Cordova District Fishermen United also opposed the ordinance, CDFU Executive Director Chelsea Haisman said. Such proposed policies give the appearance that the city is not the commercial fishing fleet’s best ally, CDFU board member Ezekiel Brown said.

A temporary travel ban could also create a bottleneck, resulting in a large number of workers arriving as soon as the ban is lifted, Councilman Tom Bailer said.

“If you speak up for the travel hold or other precautions, I think you’re perceived as being anti-fishery and wanting to shut it down, which couldn’t be farther from the truth,” said Kristin Carpenter, former executive director of the Copper River Watershed Project. “I think we are all trying to balance what is a public health crisis with the economy of the town.”

The Alaska Small Community Emergency Travel Order, issued March 27, permits small communities to impose travel restrictions stricter than those issued by the state. The text of the order defines a “small community” as one that has a population lower than 3,000, is removed from the road system and does not house a hub hospital managed by the tribal healthcare system. However, state officials later stated that a community with a critical access hospital, sole community hospital or acute care hospital would be excluded from coverage by the order. As Cordova Community Medical Center is designated a critical access hospital by the Alaska State Hospital and Nursing Home Association, the city of Cordova would not be permitted by the order to issue stricter travel curtailments than those ordered by the state. This undermined one of the key justifications for Cordova’s Emergency Ordinance 1186. However, the city is still free to pass strict health mandates that are not travel-based.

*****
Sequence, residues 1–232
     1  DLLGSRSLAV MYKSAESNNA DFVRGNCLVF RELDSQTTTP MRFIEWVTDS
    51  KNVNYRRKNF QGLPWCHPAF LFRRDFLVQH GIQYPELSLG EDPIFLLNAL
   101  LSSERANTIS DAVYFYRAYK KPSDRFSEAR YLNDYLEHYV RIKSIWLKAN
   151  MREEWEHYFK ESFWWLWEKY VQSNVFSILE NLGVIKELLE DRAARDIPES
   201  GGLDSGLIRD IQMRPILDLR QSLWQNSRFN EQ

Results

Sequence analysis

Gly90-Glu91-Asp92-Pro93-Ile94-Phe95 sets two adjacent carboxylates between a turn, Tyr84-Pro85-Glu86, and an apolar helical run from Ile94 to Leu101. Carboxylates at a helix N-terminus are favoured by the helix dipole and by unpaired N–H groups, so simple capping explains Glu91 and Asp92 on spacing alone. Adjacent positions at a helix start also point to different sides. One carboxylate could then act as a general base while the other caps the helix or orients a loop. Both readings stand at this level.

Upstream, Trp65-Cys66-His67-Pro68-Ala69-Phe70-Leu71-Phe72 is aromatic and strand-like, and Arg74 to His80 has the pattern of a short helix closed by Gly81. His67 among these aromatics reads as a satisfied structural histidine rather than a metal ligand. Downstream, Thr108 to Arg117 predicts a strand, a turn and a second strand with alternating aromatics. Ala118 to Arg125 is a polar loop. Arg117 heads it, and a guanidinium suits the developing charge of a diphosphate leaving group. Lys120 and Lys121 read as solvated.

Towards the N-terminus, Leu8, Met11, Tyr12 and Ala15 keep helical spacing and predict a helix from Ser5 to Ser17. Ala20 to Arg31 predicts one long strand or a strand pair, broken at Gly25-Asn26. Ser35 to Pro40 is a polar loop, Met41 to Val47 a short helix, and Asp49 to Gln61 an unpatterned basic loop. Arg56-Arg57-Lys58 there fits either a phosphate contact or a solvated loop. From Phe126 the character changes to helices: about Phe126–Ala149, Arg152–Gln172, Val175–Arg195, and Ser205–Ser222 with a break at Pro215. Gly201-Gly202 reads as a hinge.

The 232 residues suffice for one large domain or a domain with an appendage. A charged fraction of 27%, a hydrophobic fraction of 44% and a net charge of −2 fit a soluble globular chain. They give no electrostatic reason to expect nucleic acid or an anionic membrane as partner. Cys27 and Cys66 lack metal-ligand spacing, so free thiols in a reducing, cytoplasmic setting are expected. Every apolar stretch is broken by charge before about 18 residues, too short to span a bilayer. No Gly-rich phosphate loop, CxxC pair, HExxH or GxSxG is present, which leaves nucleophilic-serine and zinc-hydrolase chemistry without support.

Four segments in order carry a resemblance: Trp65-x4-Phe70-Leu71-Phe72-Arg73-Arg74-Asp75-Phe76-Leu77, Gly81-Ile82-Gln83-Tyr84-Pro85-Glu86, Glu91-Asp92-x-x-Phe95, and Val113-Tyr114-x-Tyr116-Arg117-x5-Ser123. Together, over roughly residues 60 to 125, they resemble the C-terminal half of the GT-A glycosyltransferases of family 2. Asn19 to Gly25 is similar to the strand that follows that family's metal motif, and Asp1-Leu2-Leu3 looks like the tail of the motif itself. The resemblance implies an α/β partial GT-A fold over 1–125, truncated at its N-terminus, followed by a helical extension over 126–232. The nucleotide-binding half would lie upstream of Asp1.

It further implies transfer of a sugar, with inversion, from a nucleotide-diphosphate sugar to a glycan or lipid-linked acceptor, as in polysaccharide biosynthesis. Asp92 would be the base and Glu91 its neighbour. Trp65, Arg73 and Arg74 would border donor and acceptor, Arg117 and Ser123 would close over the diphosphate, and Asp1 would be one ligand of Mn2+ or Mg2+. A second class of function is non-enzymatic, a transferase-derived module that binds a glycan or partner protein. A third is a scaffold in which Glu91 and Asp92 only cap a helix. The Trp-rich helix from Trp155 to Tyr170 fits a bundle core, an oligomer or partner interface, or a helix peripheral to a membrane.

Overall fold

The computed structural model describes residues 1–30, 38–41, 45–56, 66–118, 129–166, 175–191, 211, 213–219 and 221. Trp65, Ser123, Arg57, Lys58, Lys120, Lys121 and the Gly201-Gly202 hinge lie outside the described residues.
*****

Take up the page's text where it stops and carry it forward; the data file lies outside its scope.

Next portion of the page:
Statements for and against the ordinance were mingled with pleas for civility. Discussion of the coronavirus on Facebook has sometimes descended into insult-slinging. Recently arrived fishermen have found themselves targets of harassment despite obeying health mandates, said resident Becki Shipman.

“Facebook does damage that we have a really hard time controlling,” Councilman David Glasen said at a Wednesday, April 15 special meeting of city council. “I would caution people about what they’re writing in there, and I would also caution about the personal attacks on people… We’re gonna survive this, and we all have to live together on the other side of COVID-19.”

At its April 13 meeting, city council also passed Emergency Ordinance 1187, revising various sections of the city’s emergency rules and procedures.

Cordova School District employee Romulo Sison distributes milk containers for community children. (April 14, 2020) Photo by Zachary Snowdon Smith/The Cordova Times